Springboard to financial freedom

George Martineau

Barclays’ recent introduction of a 100 per cent mortgage highlights how issues with financial planning across generations are still intertwined.

One of the biggest issue of our times in the UK is how we can help younger people afford new homes.

Barclays has taken an initiative to address this, helping first-time buyers onto the mortgage ladder with its offer of the first 100 per cent mortgage in many years.

Article continues after advert

However this should not be seen as a return to the come-what-may attitude of the early noughties when mortgages were given to anybody, which eventually was shown up as the flimsy bedrock that contributed in large part to the financial crisis.

Not so this time – there’s a catch! While there is no need for a deposit, customers need a friend or family member to put up 10 per cent of the home’s value in a Barclays savings account for three years (the money returned at the end of this time with 1.5 per cent of interest added).

In general, we think this is a very good idea – and what in effect has happened is that the risk of default has now been shifted from the bank, and thereby society at large, to the friends and family of the person applying for the mortgage.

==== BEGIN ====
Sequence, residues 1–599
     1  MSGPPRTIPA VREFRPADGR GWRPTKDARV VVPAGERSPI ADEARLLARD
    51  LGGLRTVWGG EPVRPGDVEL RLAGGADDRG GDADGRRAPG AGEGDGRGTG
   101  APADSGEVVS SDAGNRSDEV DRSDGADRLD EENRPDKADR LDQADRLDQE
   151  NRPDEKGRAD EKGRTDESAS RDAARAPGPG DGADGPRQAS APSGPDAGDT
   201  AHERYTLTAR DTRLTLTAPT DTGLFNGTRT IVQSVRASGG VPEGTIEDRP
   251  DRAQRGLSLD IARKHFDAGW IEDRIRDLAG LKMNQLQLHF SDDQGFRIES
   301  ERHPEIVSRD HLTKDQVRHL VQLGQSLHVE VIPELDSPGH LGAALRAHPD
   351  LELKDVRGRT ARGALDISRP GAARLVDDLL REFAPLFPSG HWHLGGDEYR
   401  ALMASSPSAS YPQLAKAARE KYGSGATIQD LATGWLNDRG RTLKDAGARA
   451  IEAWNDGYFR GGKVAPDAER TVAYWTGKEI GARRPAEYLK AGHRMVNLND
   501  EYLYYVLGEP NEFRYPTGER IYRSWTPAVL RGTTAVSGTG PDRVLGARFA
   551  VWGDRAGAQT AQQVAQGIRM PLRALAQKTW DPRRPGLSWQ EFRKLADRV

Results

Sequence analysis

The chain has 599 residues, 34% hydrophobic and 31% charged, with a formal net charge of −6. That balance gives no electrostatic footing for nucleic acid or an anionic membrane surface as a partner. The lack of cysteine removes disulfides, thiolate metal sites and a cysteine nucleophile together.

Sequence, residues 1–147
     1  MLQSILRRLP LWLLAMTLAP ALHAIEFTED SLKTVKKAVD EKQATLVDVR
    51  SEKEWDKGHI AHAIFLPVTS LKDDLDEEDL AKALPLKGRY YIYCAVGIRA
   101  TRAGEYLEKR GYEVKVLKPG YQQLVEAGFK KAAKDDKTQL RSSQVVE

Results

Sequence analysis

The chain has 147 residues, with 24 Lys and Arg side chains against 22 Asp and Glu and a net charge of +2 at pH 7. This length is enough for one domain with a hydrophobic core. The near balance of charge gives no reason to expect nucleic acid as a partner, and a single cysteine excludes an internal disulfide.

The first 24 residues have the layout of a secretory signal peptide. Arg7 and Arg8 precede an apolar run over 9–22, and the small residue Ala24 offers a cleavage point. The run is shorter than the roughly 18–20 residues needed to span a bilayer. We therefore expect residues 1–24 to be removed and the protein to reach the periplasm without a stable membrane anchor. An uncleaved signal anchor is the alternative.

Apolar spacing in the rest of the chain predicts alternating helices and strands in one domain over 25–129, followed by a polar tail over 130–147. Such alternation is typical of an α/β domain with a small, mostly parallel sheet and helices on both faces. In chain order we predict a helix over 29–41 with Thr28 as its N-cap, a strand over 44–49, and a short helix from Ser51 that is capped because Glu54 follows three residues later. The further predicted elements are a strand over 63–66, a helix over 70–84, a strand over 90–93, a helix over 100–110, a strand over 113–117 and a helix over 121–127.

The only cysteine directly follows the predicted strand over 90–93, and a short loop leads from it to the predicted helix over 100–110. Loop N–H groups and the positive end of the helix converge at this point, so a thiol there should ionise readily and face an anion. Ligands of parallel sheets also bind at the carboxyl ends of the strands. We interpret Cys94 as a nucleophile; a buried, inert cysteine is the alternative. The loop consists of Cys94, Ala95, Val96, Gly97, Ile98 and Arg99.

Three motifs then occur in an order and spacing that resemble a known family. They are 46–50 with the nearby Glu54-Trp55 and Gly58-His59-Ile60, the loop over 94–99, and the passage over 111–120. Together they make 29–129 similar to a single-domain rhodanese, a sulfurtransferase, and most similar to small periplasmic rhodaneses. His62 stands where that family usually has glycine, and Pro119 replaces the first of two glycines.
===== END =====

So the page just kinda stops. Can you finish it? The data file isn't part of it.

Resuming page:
In reality, of course the people putting up the money will be the parents – the Bank of Mum and Dad is now one of the key sources of finance for the younger generation.

But money doesn’t grow on trees, and for those in their 50s, 60s and 70s to be giving money to their children and grandchildren in order support a house purchase, means that they’ll have less for themselves.

And it’s not going to be an inconsiderable amount they will be short – with the average house price in my home city of Edinburgh at about £233,000, for the Barclays account alone that would mean people funding a £23,000 deposit in all but name. Of course, many parents are putting up much more than that.

What’s the bottom line here? For older people it means that they’ll have to save even more for retirement if acting as a guarantor for your child’s mortgage becomes a key task in later life.

Should this trend continue indefinitely, this means those in their 30s and 40s should now be considering how much they are putting towards the pension – that dream of a second home in the sun has been pushed down the pecking order by your child’s future mortgage needs.

George Martineau is senior financial planner at Tcam